Solemnity of the Body and Blood of Christ

In 05 Homilies by Fr. Reid on 2013/05/31 at 12:00 AM

In looking for a word to describe what happens to the bread and wine at Mass as they are consecrated into the Body, Blood, Soul and Divinity of Christ, St. Thomas Aquinas created the word transubstantiation.

The first part of the word, trans, means to change or cross over. The latter part of the word, substantiation, is the Latin word for substance. St. Thomas, of course, understood substance in the philosophical sense used by Aristotle.

If you’ve ever studied metaphysics, you know that Aristotle said that all things are made up of substance and accidents. The accidental qualities of a thing are what can be perceived with our physical senses: color, texture, taste, smell, etc.

Substance, on the other hand, is the metaphysical quality that makes a thing what it is. For example, our altar here at St. Ann’s is different from the altars at St. Vincent’s, St. Patrick’s, or St. Gabe’s.

But even though they look vastly different, we all know and recognize an altar when we see one. Aquinas and Aristotle would say that these particular pieces of furniture possess a certain “altarness” if you will. That is the substance of this furniture.

Some of you may be wondering why I am giving you a metaphysics lesson today at Mass. It is because we cannot fully appreciate what we as a church are celebrating today without a little metaphysics.

Today is the Solemnity of the Body and Blood of Christ. It is Corpus Christi! Thus, today is the day we celebrate and give God thanks for the great gift of the Eucharist.

Here at Mass ordinary bread and wine are brought forward and placed on the altar. Then during the Eucharistic Prayer, the priest prays that the Holy Spirit will come down upon the gifts. This is known as the epiclesis – and you will hear the bells ring once to signal this.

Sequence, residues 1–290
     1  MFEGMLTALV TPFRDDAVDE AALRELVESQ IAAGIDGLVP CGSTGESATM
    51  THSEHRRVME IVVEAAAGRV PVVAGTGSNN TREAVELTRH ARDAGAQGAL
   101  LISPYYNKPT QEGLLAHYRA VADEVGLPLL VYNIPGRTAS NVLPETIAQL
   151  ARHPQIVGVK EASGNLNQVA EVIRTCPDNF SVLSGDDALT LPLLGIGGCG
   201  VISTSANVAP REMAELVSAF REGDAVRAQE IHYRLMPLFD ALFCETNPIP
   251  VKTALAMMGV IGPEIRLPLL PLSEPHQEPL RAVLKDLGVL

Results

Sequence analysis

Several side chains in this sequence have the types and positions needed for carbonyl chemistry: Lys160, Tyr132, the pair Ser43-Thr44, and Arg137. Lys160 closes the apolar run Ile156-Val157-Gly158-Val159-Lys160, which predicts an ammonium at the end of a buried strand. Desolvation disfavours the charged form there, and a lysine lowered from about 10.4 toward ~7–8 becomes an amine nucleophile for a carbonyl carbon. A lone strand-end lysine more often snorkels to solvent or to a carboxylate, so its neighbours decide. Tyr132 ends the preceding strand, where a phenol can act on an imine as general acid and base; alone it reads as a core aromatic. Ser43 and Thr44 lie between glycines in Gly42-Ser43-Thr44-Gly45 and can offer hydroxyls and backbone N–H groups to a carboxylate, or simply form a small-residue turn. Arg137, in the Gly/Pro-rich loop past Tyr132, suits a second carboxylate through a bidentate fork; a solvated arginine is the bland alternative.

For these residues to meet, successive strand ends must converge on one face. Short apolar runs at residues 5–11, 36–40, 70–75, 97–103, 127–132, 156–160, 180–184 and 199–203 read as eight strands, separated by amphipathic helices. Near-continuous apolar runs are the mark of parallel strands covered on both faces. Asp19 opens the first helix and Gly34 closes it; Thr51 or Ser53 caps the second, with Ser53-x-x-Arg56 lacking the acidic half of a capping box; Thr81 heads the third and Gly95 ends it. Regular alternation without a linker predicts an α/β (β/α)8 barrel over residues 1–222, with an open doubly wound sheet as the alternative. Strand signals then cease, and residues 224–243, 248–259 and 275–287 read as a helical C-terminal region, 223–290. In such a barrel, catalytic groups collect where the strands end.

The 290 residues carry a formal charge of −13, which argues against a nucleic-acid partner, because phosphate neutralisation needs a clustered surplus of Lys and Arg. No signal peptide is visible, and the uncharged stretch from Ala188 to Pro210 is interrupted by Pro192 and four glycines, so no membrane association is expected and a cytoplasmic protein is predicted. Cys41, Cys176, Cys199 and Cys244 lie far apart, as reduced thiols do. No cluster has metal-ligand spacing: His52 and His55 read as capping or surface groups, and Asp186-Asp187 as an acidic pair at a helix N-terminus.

From there we enter into the most important and solemn moment of the Mass. Jesus Christ, through the priest, utters the words of institution: “Take this, all of you, and eat it: this is my body which will be given up for you.”

And “Take this, all of you, and drink from it: this is the cup of my blood, the blood of the new and everlasting covenant. It will be shed for you and for all so that sins may be forgiven. Do this in memory of me.” And again, bells ring to signify what is happening.

Through these words the bread and wine become the Body and Blood of Christ. The substance of the bread and wine change, but not the accidental properties. That’s why St. Thomas used the word transubstantiation – because only the substance changes.

So even though the bread still looks and tastes like bread, and even though the wine still looks and tastes like wine, they are no longer bread and wine, but really and truly the Body and Blood of Christ.

As Christ makes abundantly clear in the Gospel today, the bread and wine are not symbols of His body and blood. He says: “I am the living bread that came down from heaven,” and “the bread that I will give is my flesh for the life of the world.”